On the morning of December 5, at approximately 12:16 a.m., Vacaville police officer Nichole King was dispatched to the Gutierrez home. Petitioner was at the house and asked why the officer was there. King responded that she had come to see whether petitioner was planning to retrieve his truck and he said that he was getting ready to do that. King asked if petitioner had been driving the truck. Petitioner said “no, he had a DD, ” meaning a designated driver. King expressed concern about the designated driver, but petitioner refused to disclose his or her identity. When King asked petitioner what he hit, he responded that he didn't know.
King testified that when she interacted with petitioner at the Gutierrez house, he appeared intoxicated. His speech was slurred; his gait was unsteady; his eyes were bloodshot and watery; his breath smelled like alcohol; and he interrupted several times when King attempted to talk with Mr. Gutierrez. King offered this further explanation for her conclusion: “He asked several times if he could go get the truck. I made the blunt statement to him, ‘No, not you, you're drunk,' and he never argued that fact.” King also testified that it appeared to her that appellant “wanted to end our contact and wanted me to leave the residence.” After Mr. Gutierrez said he was going to look at the truck, King prepared to leave, telling petitioner he should just be honest with the Fairfield police and tell them what he hit. King reminded petitioner that “that's what insurance was for, ” and although petitioner laughed, he seemed to agree.
Later on the morning of December 5, California Highway Patrol officer Darren Carrington went to the accident scene to conduct an investigation. The road was wet from the night before, and it had been a foggy morning, but the fog was lifting by the time Carrington arrived. That stretch of road was in an unincorporated area of the county just north of the Fairfield city limit. In both directions of the two-lane road, a white “fog line” ran between the outer edge of the driving lane and a six-foot shoulder. Beyond the shoulder, the ground turned to gravel and then dirt. The speed limit was 45 miles per hour.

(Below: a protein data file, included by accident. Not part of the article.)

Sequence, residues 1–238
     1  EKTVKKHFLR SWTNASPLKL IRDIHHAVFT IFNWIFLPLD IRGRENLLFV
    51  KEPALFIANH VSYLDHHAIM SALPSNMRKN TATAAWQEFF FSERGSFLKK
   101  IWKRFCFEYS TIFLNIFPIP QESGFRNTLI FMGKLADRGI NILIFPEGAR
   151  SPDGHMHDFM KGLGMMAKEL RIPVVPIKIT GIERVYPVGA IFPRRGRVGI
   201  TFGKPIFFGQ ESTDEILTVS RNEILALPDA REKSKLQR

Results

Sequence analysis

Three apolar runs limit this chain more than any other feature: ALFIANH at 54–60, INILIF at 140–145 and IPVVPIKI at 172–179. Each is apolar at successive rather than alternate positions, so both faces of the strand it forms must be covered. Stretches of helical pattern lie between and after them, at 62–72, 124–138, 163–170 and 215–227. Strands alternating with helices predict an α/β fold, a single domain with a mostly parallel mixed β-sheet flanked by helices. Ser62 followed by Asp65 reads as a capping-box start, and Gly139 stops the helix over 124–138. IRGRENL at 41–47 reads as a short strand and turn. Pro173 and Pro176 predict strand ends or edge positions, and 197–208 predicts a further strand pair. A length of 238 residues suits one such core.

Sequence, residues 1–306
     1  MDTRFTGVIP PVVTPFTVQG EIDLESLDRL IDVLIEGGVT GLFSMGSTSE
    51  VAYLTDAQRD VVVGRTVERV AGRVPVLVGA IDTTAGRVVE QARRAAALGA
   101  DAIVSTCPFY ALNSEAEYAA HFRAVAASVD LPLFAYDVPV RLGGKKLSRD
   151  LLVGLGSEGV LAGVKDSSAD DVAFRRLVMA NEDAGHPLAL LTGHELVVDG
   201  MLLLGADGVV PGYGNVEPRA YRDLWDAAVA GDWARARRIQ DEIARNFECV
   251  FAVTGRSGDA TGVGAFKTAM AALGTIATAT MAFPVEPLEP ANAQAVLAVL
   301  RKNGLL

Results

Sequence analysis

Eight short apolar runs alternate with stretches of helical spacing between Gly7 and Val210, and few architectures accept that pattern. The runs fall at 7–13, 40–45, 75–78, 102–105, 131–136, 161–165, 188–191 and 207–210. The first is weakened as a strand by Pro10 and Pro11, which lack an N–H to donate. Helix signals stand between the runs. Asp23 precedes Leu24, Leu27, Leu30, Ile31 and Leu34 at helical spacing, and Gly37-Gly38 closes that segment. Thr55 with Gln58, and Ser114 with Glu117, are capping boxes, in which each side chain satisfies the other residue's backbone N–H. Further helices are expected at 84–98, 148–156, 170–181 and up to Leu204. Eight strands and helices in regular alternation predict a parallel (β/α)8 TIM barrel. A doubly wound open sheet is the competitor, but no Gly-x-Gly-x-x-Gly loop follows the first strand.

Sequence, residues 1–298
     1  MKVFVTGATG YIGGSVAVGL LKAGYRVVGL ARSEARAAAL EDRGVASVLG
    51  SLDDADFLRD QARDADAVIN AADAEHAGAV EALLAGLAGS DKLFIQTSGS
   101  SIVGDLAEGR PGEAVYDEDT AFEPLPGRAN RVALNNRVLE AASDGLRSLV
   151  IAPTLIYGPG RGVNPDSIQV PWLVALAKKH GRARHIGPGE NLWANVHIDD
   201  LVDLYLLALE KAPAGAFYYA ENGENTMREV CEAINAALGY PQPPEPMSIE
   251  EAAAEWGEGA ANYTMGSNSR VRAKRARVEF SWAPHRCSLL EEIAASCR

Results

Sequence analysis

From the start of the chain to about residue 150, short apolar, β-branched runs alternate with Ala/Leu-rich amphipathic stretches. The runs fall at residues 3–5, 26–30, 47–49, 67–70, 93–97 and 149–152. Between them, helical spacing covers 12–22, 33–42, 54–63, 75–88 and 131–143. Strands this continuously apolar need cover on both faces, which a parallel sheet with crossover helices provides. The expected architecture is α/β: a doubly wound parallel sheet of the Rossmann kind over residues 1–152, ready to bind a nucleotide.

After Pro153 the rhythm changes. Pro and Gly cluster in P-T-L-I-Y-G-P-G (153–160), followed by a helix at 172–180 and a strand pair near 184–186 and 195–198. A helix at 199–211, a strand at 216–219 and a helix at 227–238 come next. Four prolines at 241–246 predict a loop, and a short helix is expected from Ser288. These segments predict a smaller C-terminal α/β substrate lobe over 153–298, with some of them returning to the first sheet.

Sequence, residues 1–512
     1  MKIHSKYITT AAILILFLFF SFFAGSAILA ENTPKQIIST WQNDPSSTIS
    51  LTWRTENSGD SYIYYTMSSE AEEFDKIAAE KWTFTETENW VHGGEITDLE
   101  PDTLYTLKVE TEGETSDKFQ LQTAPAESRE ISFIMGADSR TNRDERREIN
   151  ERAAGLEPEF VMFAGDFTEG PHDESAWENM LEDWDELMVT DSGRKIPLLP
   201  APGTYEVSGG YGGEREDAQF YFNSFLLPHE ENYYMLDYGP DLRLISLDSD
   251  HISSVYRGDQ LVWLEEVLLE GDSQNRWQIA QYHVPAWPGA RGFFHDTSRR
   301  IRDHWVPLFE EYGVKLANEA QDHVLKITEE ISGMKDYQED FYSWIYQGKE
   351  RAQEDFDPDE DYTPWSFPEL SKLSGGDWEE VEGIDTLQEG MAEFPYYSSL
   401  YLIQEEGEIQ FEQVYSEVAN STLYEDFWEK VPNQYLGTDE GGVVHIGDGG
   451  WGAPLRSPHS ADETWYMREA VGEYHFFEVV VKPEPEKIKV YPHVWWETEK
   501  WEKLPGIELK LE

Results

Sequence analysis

Carrington found a body lying on a grass embankment near the west side shoulder of the road, along with some “debris” from appellant's truck. Carrington reached the conclusion that the victim had been walking south on Peabody on the “west roadway edge . . . at or near the fog line” when he was struck by the truck. Carrington then left the accident scene and went to the home of petitioner's uncle, which was about a 10-minute drive. When Carrington questioned petitioner about the accident, he smelled alcohol on petitioner's breath. Petitioner told the officer that he was driving south on Peabody at the speed limit of 45 miles per hour when he hit something, but he was “unsure” of what. He reported that he was “dazed and confused” when the truck came to rest facing south in the northbound lane. Petitioner denied that he had consumed alcohol and did not mention a designated driver.
Jackson Harris is an investigating deputy coroner for the Solano County Sherriff's Department. Harris was assigned to determine the cause and manner of the death of Moses Sala, the person who was found on the side of Peabody Road near petitioner's truck. Harris examined the body before it was removed from the accident scene. Sala was lying on a grassy embankment approximately 20 feet from the western edge of the road. A hat and shoe were recovered from the west edge of the road and a matching shoe was found in a grassy area on the opposite side of the two-lane road. Harris determined that Sala lived in Fairfield, approximately a half mile south of the accident scene and that he was walking in that direction, toward the oncoming northbound traffic, when he was hit from behind by appellant's truck.
When Harris examined the body at the accident scene, it was apparent that Sala sustained multiple compound fractures; the femur bone in both of his legs had broken through the skin; and one of his humerus bones had broken through the skin of his arm. Numerous lacerations, abrasions, contusions and bruises covered his body, including on his head, face and chest. Blood samples were taken at the scene; an ...